Heroes! - Steph is a sucker for fiction anthologies. But if she hadn't backed it, I might have.  There are some great authors in here, including what is probably Aaron Allston's last story. But any anthology which includes Timothy Zahn and Michael Stackpole is worth looking at. Even if I do have a love/hate with Stackpole's writing most of the time.

Atlantis: Theragraphic - I think I've backed seven or eight of Jerry Grayson's projects, and he's never failed to deliver. The very first Kickstarter I backed was one of his. And I'm a sucker for any book with a monster building/customization system. As an added bonus, I like Atlantis: The Second Age. And the Omega system means I can move monsters from here to Talislanta or Hellas with only a minimal amount of work. Because those games are frequently somewhere in my headspace ...

Short Order Heroes: Locations - I am pretty sure I mentioned the original Short Order Heroes here before, but it is a really great quick character builder for nearly any system.  It works phenomenally well for NPC generation for those times when your PCs inevitably go off the rails and you need a personality on the fly. Now he is working on putting together a similar project for places. I was (apparently) his first backer this time out. 

There is a fifth project that I wish I could back, but my budget refreshes the day after it funds:

Fantaji Universal Role-Playing System - I backed their previous attempt called Mazaki no Fantaji and was disappointed when it failed. This is the same system changed to run as a universal engine.  These guys also did Early Dark, which did several things differently from most games I'd seen. For example, fitting characters into their culture and society - something that is often overlooked in games.  Update: Made some numbers dance and figured out how to make it work.  I'm now backing this.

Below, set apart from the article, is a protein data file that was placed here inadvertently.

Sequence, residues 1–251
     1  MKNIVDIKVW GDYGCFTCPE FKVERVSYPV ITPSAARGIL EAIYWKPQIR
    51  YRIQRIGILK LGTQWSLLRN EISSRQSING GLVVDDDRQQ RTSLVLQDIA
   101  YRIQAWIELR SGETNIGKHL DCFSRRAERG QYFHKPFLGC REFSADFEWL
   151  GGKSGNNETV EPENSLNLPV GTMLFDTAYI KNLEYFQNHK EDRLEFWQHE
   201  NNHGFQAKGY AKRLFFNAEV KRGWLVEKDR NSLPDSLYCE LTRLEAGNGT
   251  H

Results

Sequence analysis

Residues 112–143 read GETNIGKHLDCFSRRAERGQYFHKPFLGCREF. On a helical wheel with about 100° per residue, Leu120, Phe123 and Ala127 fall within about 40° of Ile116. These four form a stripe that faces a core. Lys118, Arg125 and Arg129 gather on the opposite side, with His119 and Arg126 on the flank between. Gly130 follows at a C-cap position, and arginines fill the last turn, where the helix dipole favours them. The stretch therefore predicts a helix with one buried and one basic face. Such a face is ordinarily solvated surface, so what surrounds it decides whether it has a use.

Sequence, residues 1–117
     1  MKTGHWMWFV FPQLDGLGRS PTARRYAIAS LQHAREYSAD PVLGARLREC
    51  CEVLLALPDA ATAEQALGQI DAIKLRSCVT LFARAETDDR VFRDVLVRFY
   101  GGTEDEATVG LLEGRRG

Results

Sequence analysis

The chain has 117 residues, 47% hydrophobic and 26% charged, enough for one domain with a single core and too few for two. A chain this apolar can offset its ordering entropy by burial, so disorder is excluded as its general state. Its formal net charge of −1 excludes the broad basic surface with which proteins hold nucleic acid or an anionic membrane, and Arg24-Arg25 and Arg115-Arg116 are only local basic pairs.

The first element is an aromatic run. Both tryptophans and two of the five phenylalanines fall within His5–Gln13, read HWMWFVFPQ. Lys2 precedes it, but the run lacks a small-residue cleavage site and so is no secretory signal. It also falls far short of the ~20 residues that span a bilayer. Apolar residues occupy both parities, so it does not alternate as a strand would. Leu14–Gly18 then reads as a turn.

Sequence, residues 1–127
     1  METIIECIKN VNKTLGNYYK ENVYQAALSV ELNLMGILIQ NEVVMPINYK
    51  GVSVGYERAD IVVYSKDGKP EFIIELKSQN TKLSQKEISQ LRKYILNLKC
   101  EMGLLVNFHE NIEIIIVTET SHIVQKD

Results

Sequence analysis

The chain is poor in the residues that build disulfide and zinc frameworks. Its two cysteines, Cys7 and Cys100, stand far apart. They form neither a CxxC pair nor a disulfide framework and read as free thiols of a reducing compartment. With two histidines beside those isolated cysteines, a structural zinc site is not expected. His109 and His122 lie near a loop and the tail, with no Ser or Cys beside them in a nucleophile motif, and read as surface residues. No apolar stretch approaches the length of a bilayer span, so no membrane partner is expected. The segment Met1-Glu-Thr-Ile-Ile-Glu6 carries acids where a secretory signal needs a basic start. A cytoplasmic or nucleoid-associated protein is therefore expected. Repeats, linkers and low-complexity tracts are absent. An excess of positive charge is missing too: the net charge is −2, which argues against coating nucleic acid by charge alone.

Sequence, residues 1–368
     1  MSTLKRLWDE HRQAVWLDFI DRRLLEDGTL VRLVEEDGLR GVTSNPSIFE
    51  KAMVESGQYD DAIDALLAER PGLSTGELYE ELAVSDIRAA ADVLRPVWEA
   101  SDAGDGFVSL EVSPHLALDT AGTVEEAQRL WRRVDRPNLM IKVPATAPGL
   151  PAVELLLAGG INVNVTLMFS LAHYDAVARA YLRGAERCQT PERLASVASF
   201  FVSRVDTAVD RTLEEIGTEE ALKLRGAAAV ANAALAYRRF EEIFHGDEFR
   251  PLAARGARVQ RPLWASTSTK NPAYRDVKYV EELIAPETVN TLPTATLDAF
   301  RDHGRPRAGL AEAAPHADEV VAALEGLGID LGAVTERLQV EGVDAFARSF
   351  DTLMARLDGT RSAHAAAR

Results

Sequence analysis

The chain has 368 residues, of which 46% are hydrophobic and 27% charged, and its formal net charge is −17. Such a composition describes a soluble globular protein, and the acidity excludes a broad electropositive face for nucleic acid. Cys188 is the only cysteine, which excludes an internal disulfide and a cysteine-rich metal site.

And ... oops.  This week's post went up two days early.  Ah, well.

Wednesday, June 04, 2014

RPG Conversion Work

I have a newfound appreciation for even the worst of the d20 conversions from the heyday of the d20 Boom. You see, I've been working on converting part of one game into another game. For personal use - but I think other folks might get some benefit from it.

Let me explain a bit:

As I'm sure you know, I'm a huge fan of the Legend of the Five Rings RPG. I have at least one of every product published since first edition (with one frustrating exception). I love the system. I love the setting. I just plain love this game.

But there's one thing that's always been lacking for me: Any sense of the passage of time. This is a big deal because of the metaplot. The setting has several large overarching storylines which are running at any given time - and it's really not realistic for PCs to be at every single event that is part of this story.  At the same time, GMs don't want to Infodump on the players. Because infodumps are No Fun.